Keeping Your Palette Satisfied: How To Pack Spices During A Move

Your kitchen simply would not be complete without spices that enhance the flavors of your meals. The United States is the world's largest spice importer and consumer, and it's not uncommon to find a wide array of unique spices in the average American home. Some of these spices are quite expensive, with saffron costing an average of $2,000 per pound. It's uneconomical and impractical to toss your spices out when moving from home to home. Learn how to prepare and pack for a move.

Sort through Spices Ahead of Time and Put Aside the Ones You Use the Most

If you love to eat and cook, chances are you'll have hundreds of different spices in your kitchen cupboards. Packing all of these spices can take a long time. To prevent feeling overwhelmed, sort through all of your spices a little by little ahead of time and put aside the ones you use the most. You can start to pack the spices that are only used in occasion. Just make sure you steer clear from recipes that need them.

If you have a lot of one spice, you don't have to set aside the whole jar or container. Instead, you may want to set aside a small amount that will last for several days prior to and after the move. Portion it out based on what you usually need each day.

Wrap Bottles with Bubble Wrap or Packing Paper

Don't expect the professional movers to handle your spices with care. If there are a lot of boxes that need to be loaded and unloaded, some movers may not be as careful as you'd like. If you don't want to open up a box only to find the spices everywhere, make sure you wrap the bottled several times with bubble wrap or packing paper. Fill up any excess space present with foam peanuts, which will absorb the pressure of any impact.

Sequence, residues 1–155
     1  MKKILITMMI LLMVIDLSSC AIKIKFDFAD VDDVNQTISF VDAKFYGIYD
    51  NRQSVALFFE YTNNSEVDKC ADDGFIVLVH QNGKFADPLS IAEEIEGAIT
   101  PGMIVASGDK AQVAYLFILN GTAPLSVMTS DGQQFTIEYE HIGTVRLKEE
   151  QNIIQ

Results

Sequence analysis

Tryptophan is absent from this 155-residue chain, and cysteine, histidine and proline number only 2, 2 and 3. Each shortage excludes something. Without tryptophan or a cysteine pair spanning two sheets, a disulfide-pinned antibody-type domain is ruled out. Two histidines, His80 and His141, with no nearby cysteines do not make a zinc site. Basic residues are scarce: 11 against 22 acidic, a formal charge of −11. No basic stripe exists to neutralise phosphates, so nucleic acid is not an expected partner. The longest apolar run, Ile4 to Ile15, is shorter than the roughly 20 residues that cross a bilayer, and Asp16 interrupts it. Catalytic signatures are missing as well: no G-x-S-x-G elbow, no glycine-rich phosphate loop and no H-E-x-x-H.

Try to place the bottles and jars standing upright, and if possible store your spices in sealed plastic containers rather than corrugated cardboard boxes. Corrugated cardboard boxes are more likely to become damaged during a move whereas sealed plastic containers tend to be more rigid and offer more protection.

Absorb Excess Moisture by Adding in Beans

Once the spices have been packed and sealed into the right containers and boxes, they are susceptible to moisture. Moisture accumulation within the bottles and containers can cause your spices to clump together making it much more difficult to use in the future. You might have to chip away at the clumps in hopes of being able to separate them. Otherwise, you might have to end up tossing the whole spice jar in the trash.

The trick to preventing moisture from getting into the containers and getting absorbed by the spices is to add a handful of dried beans. The dried beans will do a great job at absorbing and retaining excess moisture. Some people swear by rice; however, if you are using a shaker container, the rice may be small enough to fit through the shaker. The beans, on the other hand, won't be able to.

Also, make sure you store the containers and boxes filled with spices in a cool and dry environment. It really will make a huge difference in preventing the spices from clumping up.


Most spices have a relatively long shelf life. Make sure the spices last by taking the steps to properly pack them during a move. If you want to save some time, consider labeling the boxes with the type of spices stored inside. This way, you can prioritize which boxes and containers to unpack first. Contact local movers for more advice.